Why Airbnb’s Community Compact is Important

In a blog post yesterday, Airbnb CEO Brian Chesky released the Airbnb Community Compactoutlining three “community commitments.” To summarize, the commitments boil down to Airbnb: 1) paying its fair share in taxes, 2) sharing appropriate data with municipalities, 3) educating its users on regulations and policies. The release demonstrates a critical inflection point for Airbnb’s policy efforts.

TechCrunch ran this headline: “Airbnb Pledges Transparency, Education to Fight Commercial Hosting, But Provides Little Detail” – and it’s true, the high-level document was only three-and-a-half pages. The article also quotes two little gems from New York State Attorney General Eric Schneiderman:

Eric Schneiderman, the New York State attorney general who subpoenaed financial data on hosts last year, called today’s statement a “transparent ploy by Airbnb to act like a good corporate citizen when it is anything but.” He added, “The company has all of the information and tools it needs to clean up its act. Until it does, no one should take this press release seriously.”

That’s harsh language, for sure. There’s a lot of history between the New York AG and Airbnb. But it’s all irrelevant. The audience for this compact isn’t the New York AG, nor was it the public. It is a clear message to municipal executives and legislators: we want to partner with you – and here are some ways we can start right now.

Releasing a compact like this publicly rather than communicating it directly to municipalities is all about signaling. It demonstrates a public commitment which Airbnb executives and public policy leaders can use as its foundation in discussions with municipal leaders. 

The fact that it was short on details is important – there’s no one-size-fits-all-approach to each municipality’s needs. Different cities have different priorities – they can range from promoting affordable housing to improving property values to making the city more attractive to tourism and convention business. In any case, Airbnb has the capability to craft unique partnerships with each city – partnerships and agreements that can only come through discussions with each municipality. It would be a folly to release a detailed document that doesn’t take into account each individual market’s needs – executives, legislators, and community groups would react poorly to say the least.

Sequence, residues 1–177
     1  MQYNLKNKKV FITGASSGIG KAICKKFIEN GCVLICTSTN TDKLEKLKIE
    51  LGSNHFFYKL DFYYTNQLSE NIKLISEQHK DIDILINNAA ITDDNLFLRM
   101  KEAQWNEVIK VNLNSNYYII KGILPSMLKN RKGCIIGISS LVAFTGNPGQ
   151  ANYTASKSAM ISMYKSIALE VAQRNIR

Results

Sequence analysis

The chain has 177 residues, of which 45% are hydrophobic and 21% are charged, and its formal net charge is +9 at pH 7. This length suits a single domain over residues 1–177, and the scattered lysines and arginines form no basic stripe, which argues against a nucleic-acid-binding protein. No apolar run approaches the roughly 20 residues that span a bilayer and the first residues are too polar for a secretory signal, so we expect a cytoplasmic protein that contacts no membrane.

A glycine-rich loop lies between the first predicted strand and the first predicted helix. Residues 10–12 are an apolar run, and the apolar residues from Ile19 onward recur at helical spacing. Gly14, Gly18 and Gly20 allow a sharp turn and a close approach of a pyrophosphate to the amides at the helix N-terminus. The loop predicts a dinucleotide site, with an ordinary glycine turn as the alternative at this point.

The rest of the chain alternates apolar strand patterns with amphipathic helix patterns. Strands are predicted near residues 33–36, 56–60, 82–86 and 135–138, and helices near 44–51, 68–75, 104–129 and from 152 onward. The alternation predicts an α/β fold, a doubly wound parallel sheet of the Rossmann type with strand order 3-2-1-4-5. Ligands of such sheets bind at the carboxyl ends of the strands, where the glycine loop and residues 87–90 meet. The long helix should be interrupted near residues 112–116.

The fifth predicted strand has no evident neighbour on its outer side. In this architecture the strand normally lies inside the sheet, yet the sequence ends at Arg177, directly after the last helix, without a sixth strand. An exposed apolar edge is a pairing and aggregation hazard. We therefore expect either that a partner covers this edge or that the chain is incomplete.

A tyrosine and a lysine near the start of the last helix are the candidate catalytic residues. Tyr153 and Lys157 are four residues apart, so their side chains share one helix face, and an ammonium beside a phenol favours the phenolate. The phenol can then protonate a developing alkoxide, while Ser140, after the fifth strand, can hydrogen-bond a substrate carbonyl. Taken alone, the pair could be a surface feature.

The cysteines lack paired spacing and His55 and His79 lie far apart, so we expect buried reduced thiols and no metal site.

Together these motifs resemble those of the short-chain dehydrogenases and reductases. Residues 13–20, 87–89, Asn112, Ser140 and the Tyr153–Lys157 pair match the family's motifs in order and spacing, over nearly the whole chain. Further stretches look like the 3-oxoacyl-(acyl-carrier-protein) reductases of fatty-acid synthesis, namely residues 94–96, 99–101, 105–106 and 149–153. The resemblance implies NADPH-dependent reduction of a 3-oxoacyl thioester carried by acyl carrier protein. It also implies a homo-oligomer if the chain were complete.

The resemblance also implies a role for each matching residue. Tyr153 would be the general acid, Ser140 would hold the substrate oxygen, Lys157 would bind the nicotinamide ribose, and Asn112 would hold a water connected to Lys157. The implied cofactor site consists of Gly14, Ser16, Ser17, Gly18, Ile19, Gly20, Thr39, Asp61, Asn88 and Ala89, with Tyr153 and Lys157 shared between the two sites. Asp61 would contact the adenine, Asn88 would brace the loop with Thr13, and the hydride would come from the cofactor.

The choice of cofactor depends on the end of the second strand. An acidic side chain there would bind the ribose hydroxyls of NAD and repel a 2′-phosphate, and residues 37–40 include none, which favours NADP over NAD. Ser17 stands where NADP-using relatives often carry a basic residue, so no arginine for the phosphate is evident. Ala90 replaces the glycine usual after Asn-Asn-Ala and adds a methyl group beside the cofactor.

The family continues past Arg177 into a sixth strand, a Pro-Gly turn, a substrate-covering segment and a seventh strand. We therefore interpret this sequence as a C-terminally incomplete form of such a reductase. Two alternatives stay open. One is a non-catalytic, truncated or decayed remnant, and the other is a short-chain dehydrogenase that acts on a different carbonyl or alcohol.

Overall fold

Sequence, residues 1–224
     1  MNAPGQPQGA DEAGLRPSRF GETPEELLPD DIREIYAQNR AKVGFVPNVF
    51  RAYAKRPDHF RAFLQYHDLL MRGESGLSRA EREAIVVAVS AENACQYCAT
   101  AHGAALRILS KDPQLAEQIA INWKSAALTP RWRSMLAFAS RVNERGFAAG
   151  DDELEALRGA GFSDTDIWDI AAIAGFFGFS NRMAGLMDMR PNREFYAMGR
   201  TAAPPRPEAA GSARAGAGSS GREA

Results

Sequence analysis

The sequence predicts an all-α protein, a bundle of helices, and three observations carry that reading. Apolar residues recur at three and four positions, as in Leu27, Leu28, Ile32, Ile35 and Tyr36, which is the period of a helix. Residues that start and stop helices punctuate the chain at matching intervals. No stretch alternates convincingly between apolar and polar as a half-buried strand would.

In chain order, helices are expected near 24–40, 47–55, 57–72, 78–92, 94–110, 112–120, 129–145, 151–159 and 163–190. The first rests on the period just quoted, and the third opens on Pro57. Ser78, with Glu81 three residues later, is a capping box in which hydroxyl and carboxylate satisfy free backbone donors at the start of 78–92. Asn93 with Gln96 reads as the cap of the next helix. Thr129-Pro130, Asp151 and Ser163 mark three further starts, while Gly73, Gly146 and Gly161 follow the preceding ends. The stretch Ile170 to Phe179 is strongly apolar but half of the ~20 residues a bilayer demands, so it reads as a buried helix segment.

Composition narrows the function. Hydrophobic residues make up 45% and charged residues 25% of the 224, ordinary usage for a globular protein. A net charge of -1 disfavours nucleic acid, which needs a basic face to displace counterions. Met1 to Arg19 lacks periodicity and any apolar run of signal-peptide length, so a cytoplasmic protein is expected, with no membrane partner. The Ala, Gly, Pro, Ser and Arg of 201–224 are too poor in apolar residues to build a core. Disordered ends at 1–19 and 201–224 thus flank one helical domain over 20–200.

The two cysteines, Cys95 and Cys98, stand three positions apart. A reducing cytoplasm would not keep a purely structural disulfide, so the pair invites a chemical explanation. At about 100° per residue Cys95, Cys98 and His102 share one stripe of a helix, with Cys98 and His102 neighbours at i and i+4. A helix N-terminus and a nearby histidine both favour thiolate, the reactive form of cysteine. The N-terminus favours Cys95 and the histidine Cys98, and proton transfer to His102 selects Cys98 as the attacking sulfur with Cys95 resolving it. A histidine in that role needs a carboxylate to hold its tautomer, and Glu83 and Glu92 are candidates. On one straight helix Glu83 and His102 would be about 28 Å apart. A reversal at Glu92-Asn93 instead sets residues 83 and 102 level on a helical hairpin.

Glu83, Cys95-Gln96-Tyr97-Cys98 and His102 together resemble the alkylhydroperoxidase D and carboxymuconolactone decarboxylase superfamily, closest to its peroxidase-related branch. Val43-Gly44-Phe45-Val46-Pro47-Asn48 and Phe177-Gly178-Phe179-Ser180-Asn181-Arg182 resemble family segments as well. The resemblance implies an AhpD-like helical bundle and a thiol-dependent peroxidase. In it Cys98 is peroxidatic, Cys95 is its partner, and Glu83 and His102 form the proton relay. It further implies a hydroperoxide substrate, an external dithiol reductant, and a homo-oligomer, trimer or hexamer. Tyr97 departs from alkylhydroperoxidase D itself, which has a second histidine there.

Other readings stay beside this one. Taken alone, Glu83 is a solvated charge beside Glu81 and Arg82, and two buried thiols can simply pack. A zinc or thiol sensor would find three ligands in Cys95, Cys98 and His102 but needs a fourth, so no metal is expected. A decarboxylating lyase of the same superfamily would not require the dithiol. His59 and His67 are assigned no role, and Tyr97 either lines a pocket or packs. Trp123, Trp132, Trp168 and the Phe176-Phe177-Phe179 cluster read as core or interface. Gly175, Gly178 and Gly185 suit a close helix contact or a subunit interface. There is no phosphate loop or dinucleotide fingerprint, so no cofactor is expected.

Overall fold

So what’s next for Airbnb? After a commitment to partnering with cities, the next logical step is to start working with civic and community leaders in a few municipalities to establish priorities, identify opportunities, and negotiate agreements. Then, through legislation, they’ll formalize the regulations and policies. It’ll be interesting to watch how they’ll go about formalizing these agreements – in the past, some organizations have gone so far as developing community benefits agreements or memorandums of understanding – some of which have carry enforcement weight than others. But the fact that this compact is publicly released – a move that many other sharing economy firms have not taken – shows that Airbnb is serious about creating a scalable model to usher in partnerships with municipalities.

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